Birmingham Royal Ballet Triple Bill: E=mc2 / Tombeaux / Penguin Café
Choreography by David Bintley
Birmingham Royal Ballet
In chronological order, this production of three David Bintley ballets works backwards, though it almost didn’t work at all. But in true ballet story fashion, backstage disasters—fires in the rigging during rehearsals—did not sabotage the evening, even if, as he himself said, we may not be seeing his ballets (spanning a quarter of a century) in the best conditions.
The dancers, of course, save the night, and if there may have been some flying in problems how could one not warm to a doughty speech from the man who has kept the flame of classical ballet burning, a flame lit at the Royal Ballet by Ninette de Valois and Frederick Ashton, his mentors to whom he pays homage in these works.
Although it is the ‘Fred’ step (in David Vaughan’s definition: posé en arabesque, coupé dessous, small développé à la seconde, pas de bourée, pas de chat) that Bintley confesses to using, especially in Tombeaux, one can see the strong influence of both in his works: there’s a literalness even in the most abstract.
The crowd pleaser, Still Life at the Penguin Café, a family show, with its anthropomorphized animals on the brink of extinction, is a direct descendant of Ashton’s Tales of Beatrix Potter.
Whimsical and popular, costumes by South African Hayden Griffin and music by Simon Jeffes founder of the original Penguin Café Orchestra, with lighting by John B Read, there is still some life to be squeezed out of this twenty-five year old number.
The Great Auk (Ruth Brill) serving drinks at the Penguin Café; the Utah Longhorn Ram (Angela Paul with Iain Mackay partnering) dancing à la Ginger Rogers and Fred Astaire; the Texas Kangaroo Rat (Tzu-Chao Chou) doing a hoedown; the Brazilian Woolly Monkey (Jamie Bond) straight out of a Copacabana show; and (how’s this for a name) Humboldt’s Hog-nosed Skunk Flea (Laura Day) leading a group of Morris dancers a merry dance.
Created for the Royal Ballet in 1988, its light-heartedness disguises a serious ecological theme, brought out most strongly by the White Mischief 1940s coiffured women’s indifference to the fate of the Southern Cape Zebra (Chi Cao).
Tombeaux, the middle ballet is ostensibly ‘a lament on the death of his mentor, the great Frederick Ashton’. Originally for the Royal Ballet, it precipitated Bintley’s break with it.
The death of a dream, which came whole to him on hearing William Walton’s Variations on a Theme by Hindemith. Driven by the Fred step, curved Cecchetti arms, a classical structure, there’s a Victorian air about it.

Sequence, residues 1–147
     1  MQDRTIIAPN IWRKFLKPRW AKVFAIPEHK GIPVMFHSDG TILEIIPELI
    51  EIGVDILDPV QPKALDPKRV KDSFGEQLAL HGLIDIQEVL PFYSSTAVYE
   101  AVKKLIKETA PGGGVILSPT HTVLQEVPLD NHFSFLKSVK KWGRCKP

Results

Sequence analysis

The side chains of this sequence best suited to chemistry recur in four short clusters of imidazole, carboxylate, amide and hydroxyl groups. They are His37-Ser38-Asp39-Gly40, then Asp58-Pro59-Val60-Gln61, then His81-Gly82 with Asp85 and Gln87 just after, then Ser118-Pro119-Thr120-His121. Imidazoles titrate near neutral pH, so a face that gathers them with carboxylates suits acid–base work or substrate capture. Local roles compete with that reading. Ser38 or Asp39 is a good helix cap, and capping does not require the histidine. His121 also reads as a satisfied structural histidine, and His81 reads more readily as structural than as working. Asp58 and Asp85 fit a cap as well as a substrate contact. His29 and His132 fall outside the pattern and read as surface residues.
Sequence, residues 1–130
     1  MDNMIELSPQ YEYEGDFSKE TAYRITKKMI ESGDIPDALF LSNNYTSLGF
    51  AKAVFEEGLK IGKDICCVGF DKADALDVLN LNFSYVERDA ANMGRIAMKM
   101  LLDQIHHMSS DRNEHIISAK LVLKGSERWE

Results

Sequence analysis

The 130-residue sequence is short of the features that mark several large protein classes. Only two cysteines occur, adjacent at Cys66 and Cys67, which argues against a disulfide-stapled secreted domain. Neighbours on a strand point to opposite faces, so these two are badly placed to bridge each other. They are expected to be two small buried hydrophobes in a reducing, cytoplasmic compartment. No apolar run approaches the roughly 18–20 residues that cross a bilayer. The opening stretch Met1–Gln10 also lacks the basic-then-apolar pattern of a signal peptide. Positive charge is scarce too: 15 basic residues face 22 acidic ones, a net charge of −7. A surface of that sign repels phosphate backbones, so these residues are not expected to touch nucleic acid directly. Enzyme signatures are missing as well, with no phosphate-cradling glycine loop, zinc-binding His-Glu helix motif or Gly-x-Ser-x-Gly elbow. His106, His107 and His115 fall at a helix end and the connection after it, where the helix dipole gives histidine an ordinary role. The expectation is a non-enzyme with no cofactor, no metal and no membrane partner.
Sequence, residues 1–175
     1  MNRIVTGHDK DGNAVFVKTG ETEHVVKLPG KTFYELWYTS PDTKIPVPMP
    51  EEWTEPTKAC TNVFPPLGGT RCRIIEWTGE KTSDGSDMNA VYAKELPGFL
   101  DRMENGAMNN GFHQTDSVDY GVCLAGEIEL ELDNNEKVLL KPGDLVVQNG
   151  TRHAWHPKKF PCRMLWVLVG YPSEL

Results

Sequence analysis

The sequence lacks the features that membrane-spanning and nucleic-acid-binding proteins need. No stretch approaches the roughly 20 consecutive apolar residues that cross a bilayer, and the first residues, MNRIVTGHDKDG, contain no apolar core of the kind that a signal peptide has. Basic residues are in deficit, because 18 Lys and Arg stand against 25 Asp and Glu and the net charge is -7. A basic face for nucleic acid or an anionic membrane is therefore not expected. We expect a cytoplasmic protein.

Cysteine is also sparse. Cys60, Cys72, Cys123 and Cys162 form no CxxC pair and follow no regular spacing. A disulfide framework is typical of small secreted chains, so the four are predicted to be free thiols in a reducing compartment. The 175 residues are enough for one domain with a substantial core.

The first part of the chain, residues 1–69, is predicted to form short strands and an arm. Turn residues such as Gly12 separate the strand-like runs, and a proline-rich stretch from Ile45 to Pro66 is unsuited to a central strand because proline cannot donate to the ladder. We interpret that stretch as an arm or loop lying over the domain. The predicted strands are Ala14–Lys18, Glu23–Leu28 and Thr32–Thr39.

Black ferns backlit green decorate the front gauze; girls in black tutus tinged with blue make pretty formations; four men in velvety black, ribs etched in the cloth, dance a fast and powerful quartet—the pall bearers? The design by Jasper Conran is beautiful.
The lead couple—Momoko Hirata and Joseph Caley—she in velvet black tutu, he in plain black unitard, a danseur noble, dance their pas de deux and solos with earnest look.
The Roman gate to the Underworld lifts and Lethe’s river flows in Gerhard Richter / Monet green. He runs to cross over, leaving his partner spinning in the spotlight.
But the leaving was also the start of something new for Bintley (directorship of Birmingham Royal Ballet), and tonight's opening piece E=mc2, created in 2009, winner of the South Bank Show Award for Dance, is a daring exploration / explanation of Einstein’s Theory of Relativity.
Divided into four movements, to a specially commissioned score by Australian composer Matthew Hindson, Bintley unpicks physics with physical certitude.
Energy, Mass, and Celeritas2 (the speed of light) dance and dancers’ bodies convey in amoebic grouping, in lifted flight and fleet feet. Limp wrist hands, however, may be the crackling static of electricity but look like waving tendril fronds, and break the line.
Energy is Holst planet sounds, the Big Bang, percussive beat, Polovtsian Dance rhythms, Murnau’s Metropolis and HG Wells’ The Time Machine narratives and groupings, and an explosive duet from Elisha Willis and Joseph Caley.
Mass is six men three women in trio sets—each woman the nucleus of two men. High lifts, spiky corona legs like cannons shooting upwards, the music lyrical, romantic, violin and harp.
For Celeritas2 it’s Philip Glass minimalist. Light and airy. West Side Story-ish. Jumps and leaps of joy, bleeps and beeps, in front of a bank of spotlights that grows and glows.
The third movement Manhattan Project, which seems to have stepped in from another ballet, is the shameful consequence of Einstein’s theory—the bombs that hit Hiroshima and Nagasaki.
A Madame Butterfly geisha in white kimono and red fan, a lone figure against the orange red glare: an interlude at odds with the dynamic of the other three.
Reviewer: Vera Liber